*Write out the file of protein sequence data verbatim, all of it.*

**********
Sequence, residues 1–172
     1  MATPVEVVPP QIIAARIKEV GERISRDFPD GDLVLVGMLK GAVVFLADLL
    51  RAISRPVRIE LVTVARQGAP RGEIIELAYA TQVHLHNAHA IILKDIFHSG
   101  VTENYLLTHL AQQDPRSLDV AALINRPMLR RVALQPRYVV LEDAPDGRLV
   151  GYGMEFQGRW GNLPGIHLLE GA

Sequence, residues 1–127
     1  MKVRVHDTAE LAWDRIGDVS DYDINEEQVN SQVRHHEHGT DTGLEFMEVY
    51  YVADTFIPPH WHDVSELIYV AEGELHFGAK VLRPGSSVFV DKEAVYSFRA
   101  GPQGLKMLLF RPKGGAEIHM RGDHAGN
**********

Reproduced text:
Sequence, residues 1–172
     1  MATPVEVVPP QIIAARIKEV GERISRDFPD GDLVLVGMLK GAVVFLADLL
    51  RAISRPVRIE LVTVARQGAP RGEIIELAYA TQVHLHNAHA IILKDIFHSG
   101  VTENYLLTHL AQQDPRSLDV AALINRPMLR RVALQPRYVV LEDAPDGRLV
   151  GYGMEFQGRW GNLPGIHLLE GA

Sequence, residues 1–127
     1  MKVRVHDTAE LAWDRIGDVS DYDINEEQVN SQVRHHEHGT DTGLEFMEVY
    51  YVADTFIPPH WHDVSELIYV AEGELHFGAK VLRPGSSVFV DKEAVYSFRA
   101  GPQGLKMLLF RPKGGAEIHM RGDHAGN